A python package for Personalized Genomics and Proteomics

proteogenomics, genomics, proteomics, annotations, medicine, research, personalized, gene, sequence, protein, bed, bioinformatics, biology, cancer, cancer-genomes, cancer-genomics, csv-parser, ensembl, genome, genome-annotation, genome-browser, genome-sequencing, genomes, gtf, medical, snps, vcf
pip install pyGeno==1.2.3



PyGeno has long been limited due to it's backend. We are now ready to take it to the next level.

We are working on a major port of pyGeno to the open-source multi-modal database ArangoDB. PyGeno's code on both branches master and bloody is frozen until we are finished. No pull request will be merged until then, and we won't implement any new features.

pyGeno: A Python package for precision medicine and proteogenomics

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pyGeno's logo

pyGeno is (to our knowledge) the only tool available that will gladly build your specific genomes for you.

pyGeno is developed by Tariq Daouda at the Institute for Research in Immunology and Cancer (IRIC), its logo is the work of the freelance designer Sawssan Kaddoura. For the latest news about pyGeno, you can follow me on twitter @tariqdaouda.

Click here for The full documentation.

For the latest news about pyGeno, you can follow me on twitter @tariqdaouda.

Citing pyGeno:

Please cite this paper.


It is recommended to install pyGeno within a virtual environement, to setup one you can use:

virtualenv ~/.pyGenoEnv
source ~/.pyGenoEnv/bin/activate

pyGeno can be installed through pip:

pip install pyGeno #for the latest stable version

Or github, for the latest developments:

git clone https://github.com/tariqdaouda/pyGeno.git
cd pyGeno
python setup.py develop

A brief introduction

pyGeno is a personal bioinformatic database that runs directly into python, on your laptop and does not depend upon any REST API. pyGeno is here to make extracting data such as gene sequences a breeze, and is designed to be able cope with huge queries. The most exciting feature of pyGeno, is that it allows to work with seamlessly with both reference and Personalized Genomes.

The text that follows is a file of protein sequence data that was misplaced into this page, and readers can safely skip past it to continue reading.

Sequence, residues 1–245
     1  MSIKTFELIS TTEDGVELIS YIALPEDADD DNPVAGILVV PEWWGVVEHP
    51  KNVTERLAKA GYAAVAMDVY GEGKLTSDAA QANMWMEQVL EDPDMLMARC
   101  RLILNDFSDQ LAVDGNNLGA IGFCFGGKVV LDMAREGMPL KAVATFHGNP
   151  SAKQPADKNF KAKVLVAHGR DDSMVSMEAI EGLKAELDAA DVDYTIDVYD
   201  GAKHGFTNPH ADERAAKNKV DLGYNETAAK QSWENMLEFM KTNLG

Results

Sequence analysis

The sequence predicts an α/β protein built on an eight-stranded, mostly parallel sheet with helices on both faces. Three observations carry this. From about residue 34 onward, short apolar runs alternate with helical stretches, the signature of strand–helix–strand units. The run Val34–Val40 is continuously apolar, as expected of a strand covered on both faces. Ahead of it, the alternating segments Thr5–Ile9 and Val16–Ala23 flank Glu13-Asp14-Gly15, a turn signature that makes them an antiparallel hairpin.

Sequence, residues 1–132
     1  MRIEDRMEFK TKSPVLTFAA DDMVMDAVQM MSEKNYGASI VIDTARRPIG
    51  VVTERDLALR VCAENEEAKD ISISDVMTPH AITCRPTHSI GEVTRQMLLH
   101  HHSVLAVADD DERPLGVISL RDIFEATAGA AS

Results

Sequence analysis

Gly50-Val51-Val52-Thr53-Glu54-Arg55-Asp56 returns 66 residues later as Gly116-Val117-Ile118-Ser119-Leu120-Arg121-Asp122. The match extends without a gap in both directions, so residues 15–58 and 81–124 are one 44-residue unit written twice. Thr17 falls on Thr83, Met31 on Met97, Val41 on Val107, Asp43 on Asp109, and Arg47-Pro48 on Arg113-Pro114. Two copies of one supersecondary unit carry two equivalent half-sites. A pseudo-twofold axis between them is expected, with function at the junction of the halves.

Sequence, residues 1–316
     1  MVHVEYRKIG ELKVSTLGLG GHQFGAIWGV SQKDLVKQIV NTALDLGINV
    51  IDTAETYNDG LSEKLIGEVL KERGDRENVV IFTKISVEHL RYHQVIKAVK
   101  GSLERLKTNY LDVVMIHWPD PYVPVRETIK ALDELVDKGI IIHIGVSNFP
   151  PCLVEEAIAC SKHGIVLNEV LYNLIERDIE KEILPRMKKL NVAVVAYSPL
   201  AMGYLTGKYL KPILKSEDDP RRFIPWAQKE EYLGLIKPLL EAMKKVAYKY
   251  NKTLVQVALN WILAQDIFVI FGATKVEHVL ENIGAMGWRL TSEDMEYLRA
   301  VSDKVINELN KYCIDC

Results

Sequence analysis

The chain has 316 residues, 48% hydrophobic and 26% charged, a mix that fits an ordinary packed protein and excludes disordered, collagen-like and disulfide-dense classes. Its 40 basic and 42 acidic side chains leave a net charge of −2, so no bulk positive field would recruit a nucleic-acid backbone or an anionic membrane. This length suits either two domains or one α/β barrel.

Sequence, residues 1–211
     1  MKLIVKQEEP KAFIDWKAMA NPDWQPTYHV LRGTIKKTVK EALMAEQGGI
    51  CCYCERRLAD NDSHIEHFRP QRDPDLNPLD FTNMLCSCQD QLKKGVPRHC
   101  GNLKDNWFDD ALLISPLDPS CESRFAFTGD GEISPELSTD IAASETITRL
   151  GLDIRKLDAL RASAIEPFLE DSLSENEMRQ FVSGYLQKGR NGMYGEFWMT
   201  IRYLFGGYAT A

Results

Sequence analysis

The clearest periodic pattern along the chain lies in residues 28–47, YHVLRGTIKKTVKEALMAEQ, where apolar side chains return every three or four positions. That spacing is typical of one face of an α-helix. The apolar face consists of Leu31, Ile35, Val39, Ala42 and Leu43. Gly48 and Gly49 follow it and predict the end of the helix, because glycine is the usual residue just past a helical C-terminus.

Personalized Genomes, are custom genomes that you create by combining a reference genome, sets of polymorphisms and an optional filter. pyGeno will take care of applying the filter and inserting the polymorphisms at their right place, so you get direct access to the DNA and Protein sequences of your patients.

from pyGeno.Genome import *

g = Genome(name = "GRCh37.75")
prot = g.get(Protein, id = 'ENSP00000438917')[0]
#print the protein sequence
print prot.sequence
#print the protein's gene biotype
print prot.gene.biotype
#print protein's transcript sequence
print prot.transcript.sequence

#fancy queries
for exon in g.get(Exon, {"CDS_start >": x1, "CDS_end <=" : x2, "chromosome.number" : "22"}) :
        #print the exon's coding sequence
        print exon.CDS
        #print the exon's transcript sequence
        print exon.transcript.sequence

#You can do the same for your subject specific genomes
#by combining a reference genome with polymorphisms
g = Genome(name = "GRCh37.75", SNPs = ["STY21_RNA"], SNPFilter = MyFilter())

And if you ever get lost, there's an online help() function for each object type:

from pyGeno.Genome import *